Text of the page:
With good reason. Because he's not just producing good college basketball teams, he's producing quality NBA players.
The aforementioned Forrest is now getting rotation minutes with the Utah Jazz after hardly playing for most of the season. The undrafted rookie has played 18.4 minutes per game over the last seven games (the Jazz have gone 6-1) and is averaging 6.7 points, 3.3 rebounds and 2.8 assists during that stretch.
Mfiondu Kabengele, who had been traded by the Clippers and then released by the Kings before being picked up by Cleveland, has had some shining moments recently. The former first-round pick had 14 points and four rebounds in 23 minutes on Sunday in the Cavaliers' loss to the Mavericks.
Combine their recent play with the solid seasons had by Terance Mann, Devin Vassell, Malik Beasley, Patrick Williams and Dwayne Bacon -- who has averaged almost 15 points per game for the Orlando Magic over the last three weeks, including five games of 20 points or more -- and it's easy to see how Hamilton is getting a reputation around the country for developing pro prospects.
And the ESPN analysts weren't quite done praising the FSU head coach, who has led the Seminoles to three straight Sweet 16s.
The next question in the roundtable was: If you had a 17-year-old son who was being recruited as a prospect by every ACC men's basketball program, which choice would help you sleep best at night?
Gasaway: "At the risk of wearing out one of my previous answers, I would rest easy if my highly talented, skilled and versatile son (chip off the old block) were being recruited by Leonard Hamilton. I would trust the coach to give it to my kid straight, I would know that this is not Hamilton's first such rodeo by any means and most of all I would expect my son's team to enjoy a fair level of success over the next few years (in a fairly salubrious setting, no less). Moreover, based on past experience watching Hamilton, I would not see my son berated unduly much less physically accosted by his coach if my youngster did choose to sign with the Seminoles. Sadly, this is not the standard coaching practice everywhere."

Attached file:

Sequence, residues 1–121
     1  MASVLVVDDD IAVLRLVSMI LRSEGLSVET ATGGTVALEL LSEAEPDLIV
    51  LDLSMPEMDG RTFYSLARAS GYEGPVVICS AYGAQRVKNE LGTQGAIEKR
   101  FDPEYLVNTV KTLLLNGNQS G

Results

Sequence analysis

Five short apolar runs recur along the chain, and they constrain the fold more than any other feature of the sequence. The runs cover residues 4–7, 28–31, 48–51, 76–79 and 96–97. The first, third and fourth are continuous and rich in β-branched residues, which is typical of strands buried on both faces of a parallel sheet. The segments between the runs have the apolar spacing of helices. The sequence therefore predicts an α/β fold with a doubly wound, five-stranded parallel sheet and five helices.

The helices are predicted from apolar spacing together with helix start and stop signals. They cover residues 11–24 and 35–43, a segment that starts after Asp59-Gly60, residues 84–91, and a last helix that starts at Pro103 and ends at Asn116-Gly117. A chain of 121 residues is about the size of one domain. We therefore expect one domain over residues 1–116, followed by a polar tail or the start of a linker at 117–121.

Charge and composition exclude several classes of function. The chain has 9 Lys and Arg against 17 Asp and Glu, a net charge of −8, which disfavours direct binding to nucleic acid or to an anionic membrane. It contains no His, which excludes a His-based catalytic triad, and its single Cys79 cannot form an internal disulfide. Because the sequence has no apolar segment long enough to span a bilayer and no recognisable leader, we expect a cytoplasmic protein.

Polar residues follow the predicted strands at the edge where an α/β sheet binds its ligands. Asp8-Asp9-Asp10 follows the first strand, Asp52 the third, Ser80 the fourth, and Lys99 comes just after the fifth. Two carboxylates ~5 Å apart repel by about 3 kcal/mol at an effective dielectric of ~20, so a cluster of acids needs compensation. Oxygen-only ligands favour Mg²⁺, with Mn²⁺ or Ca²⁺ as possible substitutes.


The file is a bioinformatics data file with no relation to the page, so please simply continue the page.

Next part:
Medcalf: "I'd go with Leonard Hamilton here, too. Last season, MJ Walker told me how much he'd grown during his time at Florida State. He arrived as a five-star recruit with NBA dreams and he left FSU as one of the first members of his family to graduate. Hamilton has proven he can develop NBA talent, but he's also teaching young players to become better people. I also know, based on our conversations, that he takes the most pride in watching players walk across the stage. Last month, he tweeted a photo of the 10 Florida State players -- yes, 10 -- who'd just graduated. My guess is a lot of the ACC's coaches, if they couldn't coach their own sons, would send them to Hamilton, too."